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Without name on title, mother has nothing if partner dies

By Benny Kass, Special to the Times
Published November 24, 2007


Q: My mother-in-law has been living with a 48-year-old man to whom she is not married in the same house for the past 10 years. His name alone is on the mortgage and the deed, although they bought the house together and both contribute to the monthly payments and upkeep. His health is failing. We are concerned that her interests are not protected because her name is nowhere on the mortgage, deed or any other paperwork. What can we do here?

A: Have you or your wife talked to your mother-in-law? Does she understand that she has no legal interest in the property and upon her partner's death has no legal right to remain there? The fact that she has paid part of the mortgage and upkeep means nothing if her name is not on the title.

If her partner dies first, which is what you seem to be suggesting, his heirs will get the house. Your mother will get nothing. The partner's heirs have no obligation to allow your mother to stay in the house. This fact should be called to her attention.

Stepped-up basis

Q: My mother died in June leaving her home, which she owned free and clear, in equal shares to me and my two siblings. My brother is the executor of the estate and has petitioned the court to open probate.

I have heard that as children of the deceased owner, we qualify to own this house and pay taxes for it based on the price that my mother paid for it, rather than its current value (a difference of approximately $300,000). If we are able to keep the tax basis the same and we decide to sell the house after some time without ever living in it, will we be subject to a capital gains tax on the difference between its selling price and the price my mother paid? Must we sell the house through the probate process to avoid being taxed on a portion of the sale? What other considerations come in to play when inheriting a house and co-owning (or selling it) with trusted and true siblings?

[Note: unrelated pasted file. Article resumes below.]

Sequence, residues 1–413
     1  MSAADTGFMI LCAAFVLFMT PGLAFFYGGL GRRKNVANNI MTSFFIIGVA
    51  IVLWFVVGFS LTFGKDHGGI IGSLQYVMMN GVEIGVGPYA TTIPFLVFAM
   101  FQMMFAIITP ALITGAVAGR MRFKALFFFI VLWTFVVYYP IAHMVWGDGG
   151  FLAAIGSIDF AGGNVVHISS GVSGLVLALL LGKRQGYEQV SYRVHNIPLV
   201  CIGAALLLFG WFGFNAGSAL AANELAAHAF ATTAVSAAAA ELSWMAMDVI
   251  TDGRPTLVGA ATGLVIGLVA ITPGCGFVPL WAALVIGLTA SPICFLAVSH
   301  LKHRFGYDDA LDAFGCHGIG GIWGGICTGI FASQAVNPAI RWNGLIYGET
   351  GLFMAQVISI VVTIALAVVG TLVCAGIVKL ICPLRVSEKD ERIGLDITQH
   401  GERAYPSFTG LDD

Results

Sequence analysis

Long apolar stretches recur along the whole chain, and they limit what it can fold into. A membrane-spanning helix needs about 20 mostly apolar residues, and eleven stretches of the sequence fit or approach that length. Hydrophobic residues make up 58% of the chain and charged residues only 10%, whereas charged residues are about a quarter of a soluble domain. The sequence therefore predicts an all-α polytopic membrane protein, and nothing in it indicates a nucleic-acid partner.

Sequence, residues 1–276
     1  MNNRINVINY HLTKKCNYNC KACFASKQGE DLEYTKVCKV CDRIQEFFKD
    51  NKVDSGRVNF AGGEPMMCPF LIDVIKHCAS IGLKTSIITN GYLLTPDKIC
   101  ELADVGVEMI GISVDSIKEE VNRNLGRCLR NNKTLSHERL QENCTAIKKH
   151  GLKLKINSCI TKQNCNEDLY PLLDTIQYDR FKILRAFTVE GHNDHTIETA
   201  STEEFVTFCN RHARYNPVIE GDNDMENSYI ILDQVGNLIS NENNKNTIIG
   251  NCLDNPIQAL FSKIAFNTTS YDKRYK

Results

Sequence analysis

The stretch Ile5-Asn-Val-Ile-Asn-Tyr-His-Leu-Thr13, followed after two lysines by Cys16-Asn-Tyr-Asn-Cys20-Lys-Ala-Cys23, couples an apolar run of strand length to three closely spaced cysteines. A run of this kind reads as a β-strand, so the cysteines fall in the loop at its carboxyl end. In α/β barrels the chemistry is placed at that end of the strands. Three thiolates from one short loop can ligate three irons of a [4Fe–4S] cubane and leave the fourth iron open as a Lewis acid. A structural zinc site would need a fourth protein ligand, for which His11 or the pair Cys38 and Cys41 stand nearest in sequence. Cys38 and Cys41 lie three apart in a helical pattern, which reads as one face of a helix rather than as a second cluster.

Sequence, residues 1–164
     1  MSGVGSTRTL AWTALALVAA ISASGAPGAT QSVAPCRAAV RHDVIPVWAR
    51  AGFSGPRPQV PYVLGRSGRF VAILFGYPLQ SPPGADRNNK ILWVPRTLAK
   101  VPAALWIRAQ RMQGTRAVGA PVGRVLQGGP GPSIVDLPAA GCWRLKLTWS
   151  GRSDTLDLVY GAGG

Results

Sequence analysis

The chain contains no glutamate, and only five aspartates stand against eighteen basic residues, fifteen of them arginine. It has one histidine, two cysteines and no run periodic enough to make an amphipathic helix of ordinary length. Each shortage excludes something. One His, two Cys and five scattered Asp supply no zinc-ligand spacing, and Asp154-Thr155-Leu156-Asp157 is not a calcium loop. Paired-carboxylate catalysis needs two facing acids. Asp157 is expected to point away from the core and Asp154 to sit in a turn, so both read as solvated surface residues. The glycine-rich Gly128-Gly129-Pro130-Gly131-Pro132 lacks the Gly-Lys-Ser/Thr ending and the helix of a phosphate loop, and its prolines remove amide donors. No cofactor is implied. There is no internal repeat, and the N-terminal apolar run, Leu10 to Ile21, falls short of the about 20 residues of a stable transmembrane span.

A: Because I do not practice law in your state, I will respond only to the federal income implications. Your brother has retained counsel to institute probate (or at least he should have an attorney), and that lawyer should be able to answer many of your questions.

Let me give you this example: Say your mother and father bought the house years ago for $50,000. Their respective basis for tax purposes was $25,000 each. Your father died 10 years ago when the house was worth $100,000. In tax law, there is a concept called the "stepped-up" basis, which means that upon the death of one owner, the tax basis for the heirs is determined on the date of death (I am oversimplifying this for my example). Half of the value of the house was transferred to your mother, so now her basis is $75,000 (her original $25,000 plus $50,000 - half of the $100,000 that the home was worth when your father died).

Now, at her death, the property is appraised at $400,000. The three of you will inherit the house and your tax basis will be $400,000. If you sell it for that price, you will pay no capital gains tax. If you sell it for more than $400,000, the capital gains tax will be based only on that difference.

Of course, if one or all of you decide to move into the property and live there for two years out of the five years before it is sold, you can take advantage of the up-to-$250,000 exclusion of gain (or up to $500,000 if you are married and file a joint tax return).

E-mail Benny Kass at

[Last modified November 23, 2007, 11:04:32]

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